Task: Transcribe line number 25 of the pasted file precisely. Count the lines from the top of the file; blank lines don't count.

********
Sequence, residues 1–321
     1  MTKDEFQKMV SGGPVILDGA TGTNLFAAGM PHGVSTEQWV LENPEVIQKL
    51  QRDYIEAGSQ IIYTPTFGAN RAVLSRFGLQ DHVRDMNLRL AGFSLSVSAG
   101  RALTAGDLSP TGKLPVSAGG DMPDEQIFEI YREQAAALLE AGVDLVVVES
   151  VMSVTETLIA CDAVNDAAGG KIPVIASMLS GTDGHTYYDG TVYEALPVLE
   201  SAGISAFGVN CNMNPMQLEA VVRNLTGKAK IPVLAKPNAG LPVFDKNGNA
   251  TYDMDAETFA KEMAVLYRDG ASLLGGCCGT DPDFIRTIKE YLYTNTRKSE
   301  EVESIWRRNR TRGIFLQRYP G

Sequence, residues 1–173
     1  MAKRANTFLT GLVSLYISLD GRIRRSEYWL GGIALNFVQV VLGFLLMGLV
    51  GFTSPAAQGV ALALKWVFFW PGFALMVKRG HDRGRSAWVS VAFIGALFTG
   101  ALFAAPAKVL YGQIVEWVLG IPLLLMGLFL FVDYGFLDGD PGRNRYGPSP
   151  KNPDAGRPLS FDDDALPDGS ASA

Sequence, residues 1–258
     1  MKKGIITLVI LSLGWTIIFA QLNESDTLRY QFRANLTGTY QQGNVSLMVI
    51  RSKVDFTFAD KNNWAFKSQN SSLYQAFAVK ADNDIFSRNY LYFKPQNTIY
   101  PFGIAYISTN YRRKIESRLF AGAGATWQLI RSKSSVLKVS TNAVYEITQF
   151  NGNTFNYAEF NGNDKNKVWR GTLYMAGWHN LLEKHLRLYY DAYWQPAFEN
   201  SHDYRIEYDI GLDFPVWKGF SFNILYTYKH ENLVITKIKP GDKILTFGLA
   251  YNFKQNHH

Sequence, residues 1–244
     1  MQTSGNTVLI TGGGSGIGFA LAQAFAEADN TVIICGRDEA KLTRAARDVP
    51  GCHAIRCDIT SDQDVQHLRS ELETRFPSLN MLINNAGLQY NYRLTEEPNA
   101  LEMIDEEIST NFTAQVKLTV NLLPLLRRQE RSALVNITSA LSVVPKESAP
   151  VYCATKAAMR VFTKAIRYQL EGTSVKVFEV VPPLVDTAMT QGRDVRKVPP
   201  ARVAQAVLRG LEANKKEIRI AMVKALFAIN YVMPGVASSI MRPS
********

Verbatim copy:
   151  VYCATKAAMR VFTKAIRYQL EGTSVKVFEV VPPLVDTAMT QGRDVRKVPP